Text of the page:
School leaders in lockdown areas say their pupils should not be penalised in exams, with year 10s at one Liverpool school already spending four weeks of this term self-isolating at home.
Department for Education statistics show about 89 per cent of pupils in state-funded schools across England attended last week.
However, levels differ greatly for those regions worst hit by Covid-19. Of the 11 local authorities with secondary attendance at 75 per cent or lower, five are in tier 3, four are in tier 2 (with talks of upgrading imminent) and two are in tier 1.
The attendance figures only came to light after a parliamentary question from MP Margaret Greenwood. Liverpool, Calderdale and Knowsley, all of which are in the ‘very high’ tier reported attendance rates of 67, 64 and 61 per cent respectively. While Kingston upon Thames, which recorded 68 per cent, is currently in tier 2.
School leaders in such areas fear their pupils will now be disadvantaged in next summer’s exams. They say constant Covid disruptions have created a more “diminished” learning experience in their schools compared with less affected areas.
Jamie Jardine, the executive principal at The Prescot School in Liverpool, said 69 per cent of his 847 pupils had missed school in the first seven weeks of term.
The school, which is part of The Heath Family Trust, has twice had to send its year 10 bubble home to self-isolate, leaving the pupils to learn remotely for four of the seven weeks of term.
One year 10 pupil has spent 24 of the possible 34 school days self-isolating because of his year group isolation and contact with family members who could have the virus.
Fifteen pupils have missed school at least three times, with the length of absence dependent on the availability of testing.
Earlier this month the government announced that most GCSEs and A-levels would be pushed back three weeks next year to give pupils more time to prepare.
“They’re trying to level a playing field that can’t be levelled because in our community we are living under Covid every single day,” Jardine said.
The extension did “absolutely nothing” to help his pupils.
He also highlighted the “massive social impact” of Covid in tier 3. A significant number of his staff and pupils had family members who were either seriously ill or who had died.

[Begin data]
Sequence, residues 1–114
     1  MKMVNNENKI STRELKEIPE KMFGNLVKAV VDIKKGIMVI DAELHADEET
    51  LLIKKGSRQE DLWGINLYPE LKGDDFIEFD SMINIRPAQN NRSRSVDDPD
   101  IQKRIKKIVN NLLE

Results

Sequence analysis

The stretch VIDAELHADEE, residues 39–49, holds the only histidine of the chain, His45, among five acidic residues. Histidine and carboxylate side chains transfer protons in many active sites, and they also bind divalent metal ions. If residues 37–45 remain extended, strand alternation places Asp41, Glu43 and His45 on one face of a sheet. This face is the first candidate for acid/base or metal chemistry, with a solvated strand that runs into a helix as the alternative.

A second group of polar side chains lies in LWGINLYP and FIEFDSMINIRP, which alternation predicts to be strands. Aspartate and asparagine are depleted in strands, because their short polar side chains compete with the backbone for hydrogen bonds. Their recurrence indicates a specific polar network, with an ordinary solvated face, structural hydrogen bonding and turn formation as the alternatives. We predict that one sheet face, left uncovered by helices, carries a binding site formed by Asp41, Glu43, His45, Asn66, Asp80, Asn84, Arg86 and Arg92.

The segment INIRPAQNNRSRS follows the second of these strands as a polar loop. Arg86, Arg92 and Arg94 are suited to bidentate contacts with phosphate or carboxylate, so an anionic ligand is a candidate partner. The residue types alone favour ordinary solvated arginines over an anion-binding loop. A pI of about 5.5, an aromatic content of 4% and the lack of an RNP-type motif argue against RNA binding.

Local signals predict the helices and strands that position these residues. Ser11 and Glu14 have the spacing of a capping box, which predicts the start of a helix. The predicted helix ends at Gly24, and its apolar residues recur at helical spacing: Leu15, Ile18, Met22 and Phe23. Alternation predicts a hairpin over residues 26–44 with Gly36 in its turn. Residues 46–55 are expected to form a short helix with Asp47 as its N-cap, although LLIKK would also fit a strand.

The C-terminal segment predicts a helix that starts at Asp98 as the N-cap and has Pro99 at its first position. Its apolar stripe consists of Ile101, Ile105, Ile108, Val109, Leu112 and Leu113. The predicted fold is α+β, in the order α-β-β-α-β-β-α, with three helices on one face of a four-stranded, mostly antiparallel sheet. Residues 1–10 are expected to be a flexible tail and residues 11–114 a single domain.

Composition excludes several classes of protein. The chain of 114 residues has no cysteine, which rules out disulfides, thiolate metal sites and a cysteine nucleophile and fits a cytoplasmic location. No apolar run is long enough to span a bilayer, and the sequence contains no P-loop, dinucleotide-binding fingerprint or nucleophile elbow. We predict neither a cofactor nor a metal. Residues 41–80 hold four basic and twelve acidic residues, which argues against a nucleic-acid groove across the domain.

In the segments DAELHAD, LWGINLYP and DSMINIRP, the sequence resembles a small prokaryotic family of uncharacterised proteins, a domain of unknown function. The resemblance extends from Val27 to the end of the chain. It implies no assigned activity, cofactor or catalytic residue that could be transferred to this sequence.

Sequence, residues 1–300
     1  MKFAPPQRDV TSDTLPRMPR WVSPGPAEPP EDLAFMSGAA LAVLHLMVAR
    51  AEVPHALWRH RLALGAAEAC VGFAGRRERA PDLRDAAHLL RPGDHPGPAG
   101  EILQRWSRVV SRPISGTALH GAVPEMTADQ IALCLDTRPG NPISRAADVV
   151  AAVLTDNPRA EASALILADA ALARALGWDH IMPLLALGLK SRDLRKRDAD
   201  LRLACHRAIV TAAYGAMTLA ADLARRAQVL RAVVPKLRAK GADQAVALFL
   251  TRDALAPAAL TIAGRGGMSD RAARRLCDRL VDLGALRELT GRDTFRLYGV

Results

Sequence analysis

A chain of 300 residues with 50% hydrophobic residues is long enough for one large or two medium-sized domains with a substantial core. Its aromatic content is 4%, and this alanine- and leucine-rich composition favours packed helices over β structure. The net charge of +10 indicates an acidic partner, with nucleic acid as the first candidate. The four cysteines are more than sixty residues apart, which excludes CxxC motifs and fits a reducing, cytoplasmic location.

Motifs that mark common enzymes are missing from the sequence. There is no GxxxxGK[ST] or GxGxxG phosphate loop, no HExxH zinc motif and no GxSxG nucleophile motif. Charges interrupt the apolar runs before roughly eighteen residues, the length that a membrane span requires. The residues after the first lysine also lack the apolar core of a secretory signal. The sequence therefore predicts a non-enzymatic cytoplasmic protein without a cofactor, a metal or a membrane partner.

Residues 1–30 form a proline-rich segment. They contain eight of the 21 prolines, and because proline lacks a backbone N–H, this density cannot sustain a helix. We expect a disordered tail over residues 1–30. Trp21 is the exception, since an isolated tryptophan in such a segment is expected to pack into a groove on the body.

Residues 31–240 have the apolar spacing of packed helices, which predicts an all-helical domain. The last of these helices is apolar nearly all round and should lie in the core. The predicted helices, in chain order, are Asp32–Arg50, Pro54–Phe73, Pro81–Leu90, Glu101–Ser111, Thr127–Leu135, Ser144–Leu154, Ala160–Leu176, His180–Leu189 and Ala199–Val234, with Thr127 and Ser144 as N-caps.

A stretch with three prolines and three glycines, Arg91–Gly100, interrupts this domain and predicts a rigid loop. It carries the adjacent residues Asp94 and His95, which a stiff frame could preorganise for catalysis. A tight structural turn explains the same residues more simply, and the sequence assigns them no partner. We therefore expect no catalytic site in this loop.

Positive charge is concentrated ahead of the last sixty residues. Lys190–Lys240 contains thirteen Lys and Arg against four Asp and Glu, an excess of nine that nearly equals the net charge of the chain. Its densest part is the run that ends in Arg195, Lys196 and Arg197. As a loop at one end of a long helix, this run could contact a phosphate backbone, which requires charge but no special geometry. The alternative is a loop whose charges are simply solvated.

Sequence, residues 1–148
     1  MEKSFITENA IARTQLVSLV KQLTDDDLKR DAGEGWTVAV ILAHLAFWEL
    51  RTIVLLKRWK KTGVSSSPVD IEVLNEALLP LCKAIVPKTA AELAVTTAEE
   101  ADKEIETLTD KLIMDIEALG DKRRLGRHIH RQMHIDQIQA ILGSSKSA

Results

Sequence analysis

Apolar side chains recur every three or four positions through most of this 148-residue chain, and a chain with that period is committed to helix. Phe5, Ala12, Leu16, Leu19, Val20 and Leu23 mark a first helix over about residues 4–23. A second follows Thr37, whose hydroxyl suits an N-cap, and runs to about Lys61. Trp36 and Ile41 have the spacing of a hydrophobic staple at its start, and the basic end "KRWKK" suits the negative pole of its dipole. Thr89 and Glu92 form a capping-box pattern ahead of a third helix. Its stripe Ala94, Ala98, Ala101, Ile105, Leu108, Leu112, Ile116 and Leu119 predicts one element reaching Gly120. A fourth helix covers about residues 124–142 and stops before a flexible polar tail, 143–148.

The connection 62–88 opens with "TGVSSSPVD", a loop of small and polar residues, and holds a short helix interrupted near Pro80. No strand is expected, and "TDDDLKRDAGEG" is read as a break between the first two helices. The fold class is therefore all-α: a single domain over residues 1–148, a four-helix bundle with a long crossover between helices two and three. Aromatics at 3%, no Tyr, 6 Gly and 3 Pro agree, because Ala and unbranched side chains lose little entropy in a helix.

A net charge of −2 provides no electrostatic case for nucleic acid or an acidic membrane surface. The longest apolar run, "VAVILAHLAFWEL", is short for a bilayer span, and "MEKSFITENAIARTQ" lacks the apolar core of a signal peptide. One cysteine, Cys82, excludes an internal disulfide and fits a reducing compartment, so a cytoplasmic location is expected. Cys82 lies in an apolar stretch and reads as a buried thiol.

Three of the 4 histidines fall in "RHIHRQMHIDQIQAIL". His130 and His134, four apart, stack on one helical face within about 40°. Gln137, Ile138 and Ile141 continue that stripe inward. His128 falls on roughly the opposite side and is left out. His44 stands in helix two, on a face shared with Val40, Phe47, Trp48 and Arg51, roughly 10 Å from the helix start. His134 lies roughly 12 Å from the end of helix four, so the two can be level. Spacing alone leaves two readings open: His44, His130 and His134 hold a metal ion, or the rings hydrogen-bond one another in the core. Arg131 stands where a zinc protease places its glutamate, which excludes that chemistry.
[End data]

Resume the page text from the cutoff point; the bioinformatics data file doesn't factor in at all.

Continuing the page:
Nick Gibb, the schools minister, said on Tuesday that the issue that “really worries” him was the “unevenness” in the experience of students who had missed education after schools reopened fully in September.
While Gibb said the government was working with Ofqual and exam boards, it was “not an easy issue to address. It is something that worries me a lot”.
Mike Kilbride, the chief executive of the BePART Educational Trust and principal of Birkenhead Sixth Form College,said that the “consistent interruption” his pupils faced could place them at a disadvantage.
He said that while he was proud of his remote-learning offer, it was about 90 per cent of the quality of the teaching in normal circumstances. “That experience has been diminished and in the highly competitive nature of exams that could be the difference.
“Teaching isn’t about delivering information, it’s about looking into the eyes of every student in your classroom and seeing the extent to which they are understanding what you are saying to them and adjusting what you do.”
He said the summer exams should “have some degree of optionality”. If nothing was done, pupils would not get the “high grades they deserve”.
Latest statistics from the DfE show that about half of all state-funded secondary schools have pupils self-isolating because of a potential contact with a case of coronavirus inside school.
Four to five per cent of pupils, about 409,000, did not attend school for Covid-related reasons last week – with 0.1 per cent having a confirmed case.
DfE stats only tell part of the story
While the government’s latest attendance statistics provide the most comprehensive guide to school disruption yet, they still fail to show the whole picture.
The data does not reveal the percentage of schools reporting pupils staying at home because of potential Covid contact outside the classroom, despite collecting the relevant data.
The estimated four to five per cent in state-funded schools who did not attend included pupils who said they had had potential Covid contact outside school.
However, the 21 per cent of all state-funded schools with pupils isolating only refer to those with a “potential contact with a case of coronavirus inside the school”.
The DfE’s daily attendance survey asks schools to input pupils remaining at home because of potential contact outside the setting, but these have not been included within its statistics.
Julie McCulloch, the director of policy at the Association of School and College Leaders (ASCL), said it would “encourage the DfE” to clarify why this had happened. “It is important to have a complete picture of the disruption experienced by schools.”
The department said it continually reviewed the data it published alongside the quality of the data it collected.